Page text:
THE Oyo filed promoted by the Nigeria Agip Exploration Company and Allied Energy Plc, an indigenous oil company has finally come alive after gulping a whooping $963 million (about N143.4 billion).
Meanwhile, the Federal Government has seized the occasion to allay investors’ concerns over some of the provisions of the Petroleum Industry Bill (PIB) currently before the national assembly.
While speaking at an occasion to mark first oil, Mr. Odein Ajumogobia (SAN), Minister of State for Petroleum Resources noted that the milestone recorded by Allied Energy and its multinational partner, Agip underscores government’s policy towards increasing Nigeria’s crude oil reserves and production as well as encouraging local participation in the upstream sub-sector.
â€œIn celebrating first oil, we forget the challenges that led to first oil, the long journey, from when they started to this day. This is the first time an indigenous company is partnering with an international oil company in the deep offshore.
They must be congratulated. From the record I got from the Managing Director of Agip, they went from final investment decision to first oil in 20 months and I am told that in the industry it takes anything up to 48 months. This is really a record and it shows that the partnership between an indigenous company and a foreign company can work,â€ he noted.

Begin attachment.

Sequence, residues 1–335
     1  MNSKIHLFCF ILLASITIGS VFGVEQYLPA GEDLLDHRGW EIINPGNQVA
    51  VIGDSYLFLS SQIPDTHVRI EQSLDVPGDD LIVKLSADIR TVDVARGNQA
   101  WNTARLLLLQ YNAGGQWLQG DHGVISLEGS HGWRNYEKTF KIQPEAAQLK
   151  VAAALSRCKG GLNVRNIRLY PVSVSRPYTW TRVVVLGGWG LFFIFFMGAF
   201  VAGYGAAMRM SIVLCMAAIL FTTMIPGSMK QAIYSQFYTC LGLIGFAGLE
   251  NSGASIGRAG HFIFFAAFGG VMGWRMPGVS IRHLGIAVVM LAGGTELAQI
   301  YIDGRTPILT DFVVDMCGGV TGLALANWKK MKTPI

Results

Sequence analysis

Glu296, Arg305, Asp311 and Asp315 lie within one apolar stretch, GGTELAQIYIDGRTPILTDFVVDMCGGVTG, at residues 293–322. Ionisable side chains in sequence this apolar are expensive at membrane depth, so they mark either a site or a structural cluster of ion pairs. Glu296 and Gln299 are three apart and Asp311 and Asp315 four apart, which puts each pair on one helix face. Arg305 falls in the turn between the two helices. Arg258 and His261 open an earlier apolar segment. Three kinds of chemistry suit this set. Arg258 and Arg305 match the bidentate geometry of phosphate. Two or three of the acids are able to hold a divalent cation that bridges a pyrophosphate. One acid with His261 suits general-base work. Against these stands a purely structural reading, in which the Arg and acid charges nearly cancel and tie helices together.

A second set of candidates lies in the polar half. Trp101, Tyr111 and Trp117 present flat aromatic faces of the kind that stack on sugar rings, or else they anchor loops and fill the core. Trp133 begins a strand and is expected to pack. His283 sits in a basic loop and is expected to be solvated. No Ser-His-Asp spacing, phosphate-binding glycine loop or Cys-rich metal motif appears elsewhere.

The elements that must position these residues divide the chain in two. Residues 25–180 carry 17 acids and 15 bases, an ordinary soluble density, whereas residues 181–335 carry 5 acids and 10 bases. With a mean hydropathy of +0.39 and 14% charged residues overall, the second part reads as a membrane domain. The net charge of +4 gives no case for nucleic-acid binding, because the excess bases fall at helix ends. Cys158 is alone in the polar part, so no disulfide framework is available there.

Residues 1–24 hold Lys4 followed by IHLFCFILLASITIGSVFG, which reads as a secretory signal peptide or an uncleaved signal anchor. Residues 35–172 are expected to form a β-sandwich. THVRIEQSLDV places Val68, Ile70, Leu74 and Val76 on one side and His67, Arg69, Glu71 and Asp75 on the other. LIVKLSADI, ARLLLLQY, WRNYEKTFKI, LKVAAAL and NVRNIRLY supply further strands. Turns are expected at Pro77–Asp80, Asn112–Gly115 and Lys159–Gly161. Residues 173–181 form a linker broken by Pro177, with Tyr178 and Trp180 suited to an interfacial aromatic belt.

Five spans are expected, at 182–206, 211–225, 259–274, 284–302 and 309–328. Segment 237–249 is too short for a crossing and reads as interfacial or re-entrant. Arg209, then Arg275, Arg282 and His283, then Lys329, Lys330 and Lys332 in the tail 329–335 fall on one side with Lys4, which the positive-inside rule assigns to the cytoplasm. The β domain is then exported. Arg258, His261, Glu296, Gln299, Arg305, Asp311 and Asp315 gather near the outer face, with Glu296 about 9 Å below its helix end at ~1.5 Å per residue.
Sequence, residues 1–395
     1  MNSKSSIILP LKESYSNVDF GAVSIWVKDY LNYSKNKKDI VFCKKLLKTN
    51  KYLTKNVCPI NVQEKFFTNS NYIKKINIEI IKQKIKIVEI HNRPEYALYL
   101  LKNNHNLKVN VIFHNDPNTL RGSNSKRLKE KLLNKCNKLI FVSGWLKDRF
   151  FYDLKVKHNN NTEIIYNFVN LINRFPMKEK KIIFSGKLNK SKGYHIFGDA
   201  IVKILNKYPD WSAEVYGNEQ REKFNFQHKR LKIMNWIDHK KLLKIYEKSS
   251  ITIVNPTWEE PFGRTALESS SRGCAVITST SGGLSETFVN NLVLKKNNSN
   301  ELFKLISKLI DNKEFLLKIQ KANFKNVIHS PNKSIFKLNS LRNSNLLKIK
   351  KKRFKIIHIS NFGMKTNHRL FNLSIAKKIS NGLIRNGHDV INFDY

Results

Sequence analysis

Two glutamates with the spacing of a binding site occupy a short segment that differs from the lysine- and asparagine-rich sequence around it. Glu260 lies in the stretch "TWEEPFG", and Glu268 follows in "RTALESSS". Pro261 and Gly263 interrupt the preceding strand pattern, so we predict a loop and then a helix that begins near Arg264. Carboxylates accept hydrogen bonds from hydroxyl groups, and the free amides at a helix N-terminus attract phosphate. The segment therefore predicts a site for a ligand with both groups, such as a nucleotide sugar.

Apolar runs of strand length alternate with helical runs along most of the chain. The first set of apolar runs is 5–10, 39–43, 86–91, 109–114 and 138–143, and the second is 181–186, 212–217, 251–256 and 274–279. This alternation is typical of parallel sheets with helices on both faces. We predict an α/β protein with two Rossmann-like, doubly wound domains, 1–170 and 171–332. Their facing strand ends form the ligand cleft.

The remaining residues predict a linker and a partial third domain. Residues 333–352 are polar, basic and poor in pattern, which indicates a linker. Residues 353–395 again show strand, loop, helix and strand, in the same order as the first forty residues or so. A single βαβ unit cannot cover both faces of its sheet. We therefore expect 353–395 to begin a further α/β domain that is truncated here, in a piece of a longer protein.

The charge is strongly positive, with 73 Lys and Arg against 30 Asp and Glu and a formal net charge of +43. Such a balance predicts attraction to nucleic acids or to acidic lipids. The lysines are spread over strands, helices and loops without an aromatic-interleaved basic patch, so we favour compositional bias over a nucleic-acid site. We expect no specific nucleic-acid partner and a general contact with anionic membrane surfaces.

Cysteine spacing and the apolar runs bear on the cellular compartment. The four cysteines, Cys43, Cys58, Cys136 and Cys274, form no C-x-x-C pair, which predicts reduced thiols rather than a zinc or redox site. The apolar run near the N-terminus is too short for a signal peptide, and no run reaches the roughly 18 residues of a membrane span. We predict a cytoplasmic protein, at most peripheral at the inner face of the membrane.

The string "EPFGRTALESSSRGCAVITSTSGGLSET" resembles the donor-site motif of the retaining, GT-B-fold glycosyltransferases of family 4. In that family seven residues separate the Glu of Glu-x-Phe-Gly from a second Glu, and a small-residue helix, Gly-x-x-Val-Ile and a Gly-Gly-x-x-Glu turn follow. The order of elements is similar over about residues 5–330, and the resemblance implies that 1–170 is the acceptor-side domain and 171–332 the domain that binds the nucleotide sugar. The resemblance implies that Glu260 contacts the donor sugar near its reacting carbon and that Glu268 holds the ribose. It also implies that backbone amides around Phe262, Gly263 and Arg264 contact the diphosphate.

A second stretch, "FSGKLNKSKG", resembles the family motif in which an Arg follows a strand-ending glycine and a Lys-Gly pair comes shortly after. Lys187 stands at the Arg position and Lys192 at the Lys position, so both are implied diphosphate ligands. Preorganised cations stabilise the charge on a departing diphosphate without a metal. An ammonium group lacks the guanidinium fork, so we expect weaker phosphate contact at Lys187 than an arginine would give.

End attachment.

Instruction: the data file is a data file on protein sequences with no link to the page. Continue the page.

Also speaking, Dr. Mahmud Yayale Ahmed, Secretary to the Government of the Federation said the challenges of the Niger Delta and quest for stable power supply is of great concern to the government.
He described the partnership between Agip and Allied Energy as unique, adding that government will continue to encourage such partnerships.
â€œThis kind of partnership is quite unique. Under two years you have succeeded in celebrating first oil. This is an achievement worthy of emulation internationally. I will like to say that we in Nigeria will continue to encourage such partnership. Nigeria is a free country, which welcomes all sorts of investments. As you venture more in such partnership we will like to appeal to those that are coming to join us because our task of building a nation is just starting,â€ he said.